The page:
Colonial powers forcing the adoption of language and written scripts is a real-world example of literacy used as a cultural weapon and part of a common theme placing literacy among the tools of power and domination. The ultimate goal was meant to change the mindset of target populations to a more European one politically, but also often religiously. That intended purpose was based off the assumption that literacy can act as a revolutionizing element of society on a fundamental level.

In contrast to forced adoption, one topic the authors bring up involves the preservation of disappearing languages, particularly those with no orthography. The goal is to leave a recorded format of the language for others to use in the contemporary world. The questions raised here are what is the “correct” way? and who is the effort for? The answers to these questions are significant in choosing the most appropriate writing system. In the presented case of the Tolowa, they chose a system against the wishes of linguists because not only did it perform well, but it did not look like English or a European script, something a native American tribe would likely find pleasing. This example situation speaks to the identity involved in written language and what significant changes may occur to a cultural identity during forced adoption.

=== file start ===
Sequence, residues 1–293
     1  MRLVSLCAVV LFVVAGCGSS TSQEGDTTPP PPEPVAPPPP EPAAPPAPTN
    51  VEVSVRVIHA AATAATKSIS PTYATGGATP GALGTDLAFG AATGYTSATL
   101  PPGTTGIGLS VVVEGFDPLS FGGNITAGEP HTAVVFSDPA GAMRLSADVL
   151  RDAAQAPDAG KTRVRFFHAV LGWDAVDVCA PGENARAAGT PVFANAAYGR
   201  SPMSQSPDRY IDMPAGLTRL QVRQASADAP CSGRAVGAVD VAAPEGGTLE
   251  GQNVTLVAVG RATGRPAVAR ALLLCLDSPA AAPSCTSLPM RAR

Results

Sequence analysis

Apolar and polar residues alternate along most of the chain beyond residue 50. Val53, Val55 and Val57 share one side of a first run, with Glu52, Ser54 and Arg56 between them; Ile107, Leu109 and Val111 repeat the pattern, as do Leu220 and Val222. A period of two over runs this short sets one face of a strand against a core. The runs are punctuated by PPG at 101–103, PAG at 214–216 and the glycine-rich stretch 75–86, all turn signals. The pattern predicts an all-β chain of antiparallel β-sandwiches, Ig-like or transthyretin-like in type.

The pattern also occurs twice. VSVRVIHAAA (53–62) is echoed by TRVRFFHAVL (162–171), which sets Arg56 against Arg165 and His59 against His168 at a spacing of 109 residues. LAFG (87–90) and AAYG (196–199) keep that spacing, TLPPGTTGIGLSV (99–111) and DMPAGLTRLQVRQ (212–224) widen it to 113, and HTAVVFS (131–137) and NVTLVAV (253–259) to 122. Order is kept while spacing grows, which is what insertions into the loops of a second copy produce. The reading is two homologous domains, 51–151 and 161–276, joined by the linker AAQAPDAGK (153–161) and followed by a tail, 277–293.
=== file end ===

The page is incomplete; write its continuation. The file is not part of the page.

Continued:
In contrast with much of the previously mentioned notions of literacy as some sort of benevolent savior, the authors state that both Goody and Levi-Strauss emphasize the power of literacy asserting that it has a vast history of being used more for “enslavement than improvement” (19). Much of that domination is purported by Goody and others to be through economic, and religious functions. On religion, rituals are kept static, written and unaltered in time to control the actions of others from afar; this basically gives literacy the status of “epoch-defining” and depicts its relevance as drastically more significant than non-literacy. Collins and Blot take issue with this stance on the grounds that oral traditions are not fairly looked into in the same detailed manner as literate ones, and the issue is left inconclusive on those charges. In fact, most of the issues with Goody’s work in particular have to do with the lack of details on one side of the argument making it imbalanced.